GONZALEZ: Yeah. So in Sandy Hook, they were inundated with so much stuff. They had received over 65,000 teddy bears, over half a million letters along with quilts and poetry and all the other ephemera that gets sent to these sites. And first, the city tried to hold it at City Hall, and it filled up City Hall. Eventually, they ended up moving it into a small airplane hangar, and it filled up the airplane hangar. And the city didn’t know what to do with it. So the Connecticut State Library curated a very small selection that went into their archive, but the majority of it was incinerated.
I met a resident of Newtown, Yolie Moreno, who had – took it upon herself to photograph and document every single artifact that was sent to the town before it was burned. So she created an online archive which is really beautiful called Embracing Newtown. But the city, they designated it sacred soil, the ash that was a product of the incineration, and now it lives beneath City Hall.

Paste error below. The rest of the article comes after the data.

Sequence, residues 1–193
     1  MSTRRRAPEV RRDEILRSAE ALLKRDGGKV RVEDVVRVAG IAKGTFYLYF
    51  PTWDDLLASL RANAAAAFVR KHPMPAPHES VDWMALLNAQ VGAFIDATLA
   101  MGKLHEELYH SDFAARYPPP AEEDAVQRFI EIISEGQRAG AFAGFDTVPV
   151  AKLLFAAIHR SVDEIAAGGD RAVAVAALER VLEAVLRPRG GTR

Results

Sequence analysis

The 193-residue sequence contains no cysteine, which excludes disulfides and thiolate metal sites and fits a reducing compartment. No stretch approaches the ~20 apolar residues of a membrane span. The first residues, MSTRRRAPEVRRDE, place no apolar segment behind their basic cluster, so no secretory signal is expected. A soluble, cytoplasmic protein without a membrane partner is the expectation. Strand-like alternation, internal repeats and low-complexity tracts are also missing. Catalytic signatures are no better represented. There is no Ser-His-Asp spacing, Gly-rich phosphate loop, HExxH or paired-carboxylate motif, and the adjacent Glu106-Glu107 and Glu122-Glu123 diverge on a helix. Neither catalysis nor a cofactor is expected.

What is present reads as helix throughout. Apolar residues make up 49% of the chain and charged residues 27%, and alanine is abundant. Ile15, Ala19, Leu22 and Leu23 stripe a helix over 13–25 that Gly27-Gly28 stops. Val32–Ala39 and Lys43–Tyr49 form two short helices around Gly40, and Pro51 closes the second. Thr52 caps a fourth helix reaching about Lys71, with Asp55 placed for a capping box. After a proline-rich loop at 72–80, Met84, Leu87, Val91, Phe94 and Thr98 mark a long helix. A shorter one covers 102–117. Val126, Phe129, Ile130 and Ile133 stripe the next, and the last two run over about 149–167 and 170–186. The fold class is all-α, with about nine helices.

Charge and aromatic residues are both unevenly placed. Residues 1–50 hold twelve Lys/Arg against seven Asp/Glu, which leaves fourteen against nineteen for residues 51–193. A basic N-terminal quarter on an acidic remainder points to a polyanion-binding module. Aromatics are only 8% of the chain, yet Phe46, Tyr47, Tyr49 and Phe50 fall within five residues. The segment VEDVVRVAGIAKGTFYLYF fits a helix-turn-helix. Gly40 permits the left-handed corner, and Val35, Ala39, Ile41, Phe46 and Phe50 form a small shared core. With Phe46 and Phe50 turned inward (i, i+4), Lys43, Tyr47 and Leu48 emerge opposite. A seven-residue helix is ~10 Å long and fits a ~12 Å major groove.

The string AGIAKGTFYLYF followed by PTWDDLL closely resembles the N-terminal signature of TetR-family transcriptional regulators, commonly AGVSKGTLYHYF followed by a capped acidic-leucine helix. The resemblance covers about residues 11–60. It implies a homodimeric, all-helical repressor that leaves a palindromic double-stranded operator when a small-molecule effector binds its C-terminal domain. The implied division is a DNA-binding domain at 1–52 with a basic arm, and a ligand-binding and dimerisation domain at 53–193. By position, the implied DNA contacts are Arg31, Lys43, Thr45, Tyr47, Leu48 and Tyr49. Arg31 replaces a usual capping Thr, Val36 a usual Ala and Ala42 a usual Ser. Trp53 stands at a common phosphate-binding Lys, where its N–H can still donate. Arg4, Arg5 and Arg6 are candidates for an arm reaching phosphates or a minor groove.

CORNISH: In the end, what do you want people to understand about this?
GONZALEZ: One thing – that it’s complicated because I see people really trying to connect to these tragedies. But at the same time, the takeaway from this work I hope is to realize the inadequacy of that response, and that we take accountability for how we behave in the aftermath of these mass shootings. That sending condolence cards, while they do mean something, it’s not enough. And that our political response is not enough, you know? And that was what I was hoping would be the takeaway.
CORNISH: Is there a particular photo in the book that sticks with you, an image or one of these I guess pieces of grief that you can’t let go of?
GONZALEZ: There are a lot that I feel emotionally attached to. I found one index card. This was at the Sandy Hook archive at the Connecticut State Library. It was written in a childlike hand. And it just said, help is on the way. And on the one hand, I felt like it was written in a moment of distress. At the same time, I felt like, well, it doesn’t seem like help is on the way.
CORNISH: Andres Gonzalez, thank you so much for speaking with us.
GONZALEZ: Thank you, Audie. It’s been really great to talk to you.
CORNISH: His forthcoming book is “American Origami.”